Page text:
Solar module efficiency is a topic of great concern in the solar power industry. Naturally, if one is to lay down considerable funds for a solar power generation system, the question of how much electricity will be harnessed per invested dollar is going to be a motivating factor. Presently, solar module efficiency (in terms of the ratio of output power to input power) maxes out at a little over 20% but that figure could be about to change in a big way. According to a recent statement from the University of Missouri-Columbia, Patrick Pinhero, an associate professor in the MU Chemical Engineering Department, has developed a flexible solar sheet that can capture more than 90% of available light, thus improving on conventional solar’s existing 20% light-capturing capability and showing promise for much better solar module efficiency in the near future.
Pinhero says that the energy generated using traditional photovoltaic (PV) methods of harnessing solar radiation is inefficient and misses out on harnessing a good deal of the solar electromagnetic (sunlight) spectrum that is available. The product Pinhero and his team have developed is basically a thin, flexible sheet of tiny antennas which they call “nantenna”. These nantenna are reportedly capable of harvesting the heat from industrial processes, then converting it into usable electricity.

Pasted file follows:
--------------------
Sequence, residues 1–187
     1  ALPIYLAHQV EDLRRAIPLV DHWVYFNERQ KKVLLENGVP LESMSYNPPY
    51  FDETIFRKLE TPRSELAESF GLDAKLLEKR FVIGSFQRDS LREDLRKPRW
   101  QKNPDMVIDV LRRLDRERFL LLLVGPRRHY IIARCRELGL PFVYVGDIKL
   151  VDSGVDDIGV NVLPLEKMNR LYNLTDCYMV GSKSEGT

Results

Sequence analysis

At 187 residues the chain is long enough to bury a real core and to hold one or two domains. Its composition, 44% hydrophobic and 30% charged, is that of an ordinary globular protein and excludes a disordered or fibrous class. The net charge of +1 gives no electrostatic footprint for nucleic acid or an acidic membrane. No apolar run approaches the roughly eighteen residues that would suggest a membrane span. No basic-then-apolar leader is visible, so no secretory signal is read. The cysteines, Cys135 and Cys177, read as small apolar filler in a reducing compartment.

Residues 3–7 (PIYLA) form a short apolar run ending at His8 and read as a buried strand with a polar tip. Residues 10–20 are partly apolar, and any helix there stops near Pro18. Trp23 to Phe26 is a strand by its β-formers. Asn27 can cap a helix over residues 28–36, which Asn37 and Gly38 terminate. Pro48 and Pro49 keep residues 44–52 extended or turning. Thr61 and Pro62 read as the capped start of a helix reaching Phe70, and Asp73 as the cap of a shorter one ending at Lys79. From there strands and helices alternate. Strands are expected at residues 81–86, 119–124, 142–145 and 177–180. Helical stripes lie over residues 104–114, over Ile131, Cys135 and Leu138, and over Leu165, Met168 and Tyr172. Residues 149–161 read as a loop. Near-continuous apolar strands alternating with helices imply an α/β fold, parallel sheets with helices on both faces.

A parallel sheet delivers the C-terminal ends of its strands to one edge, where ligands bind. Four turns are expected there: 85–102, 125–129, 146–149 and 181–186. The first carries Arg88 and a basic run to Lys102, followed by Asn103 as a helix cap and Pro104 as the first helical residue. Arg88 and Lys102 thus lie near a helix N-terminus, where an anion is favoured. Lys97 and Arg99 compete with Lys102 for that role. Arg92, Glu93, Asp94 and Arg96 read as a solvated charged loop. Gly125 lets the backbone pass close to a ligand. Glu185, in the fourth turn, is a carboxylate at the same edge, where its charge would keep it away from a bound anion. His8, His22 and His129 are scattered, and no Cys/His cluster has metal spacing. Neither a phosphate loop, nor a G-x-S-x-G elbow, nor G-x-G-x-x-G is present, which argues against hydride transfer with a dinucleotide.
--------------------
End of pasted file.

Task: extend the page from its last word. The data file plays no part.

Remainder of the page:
The team aims to fashion the technology into a direct solar facing nantenna device that could of collect solar irradiation in the near infrared and optical regions of the solar spectrum. In a statement Pinhero said, “If successful, this product will put us orders of magnitudes ahead of the current solar energy technologies we have available to us today.”
To get the ball rolling, Pinhero’s team is working to secure funding both from the U.S. Department of Energy and private investors. Pinhero’s team says they believe a product that would compliment existing PV installations could be available in about five years. Pinhero also points out that, because the product is a thin, mold-able film, it could potentially be integrated into roof shingle products or customized to power vehicles.